The Dangers of Holograms and Enhanced Labels
The real facts: All Holograms and Enhanced Labels
can be copied! Like any other printed label!
The forger just goes to a printer and pays around a cent per label. On a profit of $500 or even $100
or even $1, will the cost of an additional cent really put off a forger?
If that was the only problem, then at least Holograms and Enhanced Labels would be no worse
than a simple label.
Unfortunately, in place of providing protection, Holograms used as
security seals are positively dangerous!
Not only can holograms not stop forgeries, they can, and actually do,
help the forger in passing off his counterfeit goods!
Over the years, to raise confidence and thus encourage use of Credit Cards, the Banks have
sold Holograms to the public as proof that the card is genuine, knowing full well that in reality
they prove nothing of the sort.
The Banks have no problem with that. Their vast profits from the use
of genuine credit cards more than compensates for their losses due to fraud. The net result of this is
that the general public believes that anything with a Hologram is guaranteed to be genuine.
Where does that leave product security? In our opinion, very much worse off than without a Hologram!
The use of Holograms just strengthens the hand of the forger!
As long as he uses a hologram that is a near match to the original, a forger wins hands-down!
The very tool that is being sold as an aid to stop forgers, actually makes forgery easier and more profitable.
The deception can be kept running for much longer, as the public simply assumes:
This product has a hologram - It must be genuine!
The forger does not even have to exactly match the original. Something that looks like the original
will be accepted as real, as a purchaser has no way of knowing what a genuine hologram actually looks like.
Even when laid side by side he will not be able to differentiate - they both look equally 'fancy'.
This is the same issue as with regular packaging - can the consumer actually know what
is and what is not genuine packaging? As long as it is a reasonably good copy it will be accepted.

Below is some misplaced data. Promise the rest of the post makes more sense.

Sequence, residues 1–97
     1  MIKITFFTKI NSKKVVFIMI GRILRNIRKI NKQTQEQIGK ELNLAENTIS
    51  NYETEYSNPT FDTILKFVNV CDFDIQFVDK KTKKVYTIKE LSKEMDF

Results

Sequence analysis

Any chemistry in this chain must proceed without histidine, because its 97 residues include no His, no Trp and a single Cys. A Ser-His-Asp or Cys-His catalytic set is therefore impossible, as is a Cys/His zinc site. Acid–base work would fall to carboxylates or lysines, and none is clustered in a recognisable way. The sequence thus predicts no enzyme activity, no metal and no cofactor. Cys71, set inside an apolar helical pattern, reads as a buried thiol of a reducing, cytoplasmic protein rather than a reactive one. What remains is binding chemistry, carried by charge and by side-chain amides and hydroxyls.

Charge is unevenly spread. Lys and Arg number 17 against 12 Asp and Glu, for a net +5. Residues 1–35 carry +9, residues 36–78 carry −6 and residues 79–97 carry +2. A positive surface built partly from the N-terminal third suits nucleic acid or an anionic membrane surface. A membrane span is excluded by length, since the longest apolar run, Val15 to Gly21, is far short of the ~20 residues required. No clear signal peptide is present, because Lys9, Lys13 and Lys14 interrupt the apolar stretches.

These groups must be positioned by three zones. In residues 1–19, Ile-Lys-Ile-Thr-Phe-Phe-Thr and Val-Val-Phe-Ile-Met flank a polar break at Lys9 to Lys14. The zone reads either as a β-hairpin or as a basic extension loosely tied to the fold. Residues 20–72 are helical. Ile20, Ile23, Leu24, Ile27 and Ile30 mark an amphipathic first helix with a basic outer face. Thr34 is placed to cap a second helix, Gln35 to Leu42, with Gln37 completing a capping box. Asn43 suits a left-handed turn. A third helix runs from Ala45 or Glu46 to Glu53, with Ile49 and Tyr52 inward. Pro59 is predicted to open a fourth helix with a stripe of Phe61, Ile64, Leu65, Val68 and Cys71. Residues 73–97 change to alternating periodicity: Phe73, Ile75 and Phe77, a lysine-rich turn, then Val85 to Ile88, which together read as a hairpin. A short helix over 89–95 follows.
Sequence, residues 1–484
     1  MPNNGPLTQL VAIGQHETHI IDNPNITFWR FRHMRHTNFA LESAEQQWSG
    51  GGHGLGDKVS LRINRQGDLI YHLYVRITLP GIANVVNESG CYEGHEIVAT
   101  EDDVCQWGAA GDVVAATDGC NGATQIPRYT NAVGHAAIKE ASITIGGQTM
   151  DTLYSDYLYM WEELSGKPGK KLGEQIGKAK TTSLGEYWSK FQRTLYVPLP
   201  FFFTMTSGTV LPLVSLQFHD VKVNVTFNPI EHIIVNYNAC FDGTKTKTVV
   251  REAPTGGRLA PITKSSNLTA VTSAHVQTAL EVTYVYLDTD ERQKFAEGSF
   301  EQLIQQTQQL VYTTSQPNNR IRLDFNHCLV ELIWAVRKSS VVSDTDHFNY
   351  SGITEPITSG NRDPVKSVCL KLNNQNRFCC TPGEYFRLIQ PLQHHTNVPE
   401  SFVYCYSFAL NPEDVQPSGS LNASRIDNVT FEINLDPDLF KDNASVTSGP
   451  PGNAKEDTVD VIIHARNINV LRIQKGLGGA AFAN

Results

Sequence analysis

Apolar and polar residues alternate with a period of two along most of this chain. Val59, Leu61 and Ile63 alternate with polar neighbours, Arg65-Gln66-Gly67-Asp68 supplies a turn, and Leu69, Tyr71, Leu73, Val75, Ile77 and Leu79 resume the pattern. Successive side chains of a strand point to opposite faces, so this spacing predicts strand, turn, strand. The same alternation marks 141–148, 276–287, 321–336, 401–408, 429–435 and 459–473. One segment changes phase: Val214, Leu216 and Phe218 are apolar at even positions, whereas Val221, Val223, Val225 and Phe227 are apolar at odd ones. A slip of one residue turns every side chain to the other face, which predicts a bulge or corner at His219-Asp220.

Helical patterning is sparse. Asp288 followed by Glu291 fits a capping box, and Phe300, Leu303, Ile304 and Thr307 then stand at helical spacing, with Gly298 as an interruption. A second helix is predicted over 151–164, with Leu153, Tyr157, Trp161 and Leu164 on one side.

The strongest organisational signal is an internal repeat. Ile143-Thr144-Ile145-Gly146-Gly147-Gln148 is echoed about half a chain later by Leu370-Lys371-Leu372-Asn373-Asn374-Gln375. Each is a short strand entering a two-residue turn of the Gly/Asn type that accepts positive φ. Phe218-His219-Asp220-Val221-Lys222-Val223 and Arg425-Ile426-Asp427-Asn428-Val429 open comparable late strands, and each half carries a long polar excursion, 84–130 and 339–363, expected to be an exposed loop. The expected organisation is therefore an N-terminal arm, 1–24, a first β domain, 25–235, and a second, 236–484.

Manufacturers frequently change their packaging. Does the public stop buying the product fearing a forgery?
Even with banknotes, used daily, very few people can actually spot a fake. All the fancy markings are
there purely for the benefit of the professionals. They do not eliminate the risk faced by the average man
in the street.
See the very interesting article on the right sidebar which should bring home the truth about hologram use.
The conclusion we must reach is that Holograms are not only ineffective, but rather they are
counter-productive. Without a Hologram, a purchaser is at least forced to take a critical look
at what he is buying and determine for himself what are the risks of the item being counterfeit
- taking into account price, location and packaging - rather than being lulled into a false
sense of security by a fake hologram.
Our conclusion: Holograms are dangerous!
They teach the public to trust holograms, making it much easier for a forger to pass-off
his goods as the real thing.
Click on the image above to enlarge it.
Link to Nokia Hologram blog
The image above shows two Nokia batteries - one with and one without at Hologram.
Can you tell which is genuine? Both? Neither? We don't know either!
The blog first bemoans the fact that Nokia no longer put Holograms on their replacement batteries.
But then it comes up with the most startling statement:
"In fact, the spare fakes currently being sold still have (fake) holograms, which is a huge ironic
twist on the original concept of this security feature!
Maybe Nokia merely realised that the fake holograms were now so good that it wasn't worth
persisting with the idea?"
The author is on the right track. Nokia realised that adding a Hologram was just playing into
the hands of the forgers.
Better to have no Hologram and then let the purchaser decide, based on facts such as the
reputation of the seller and the price, whether what was being offered was genuine or not.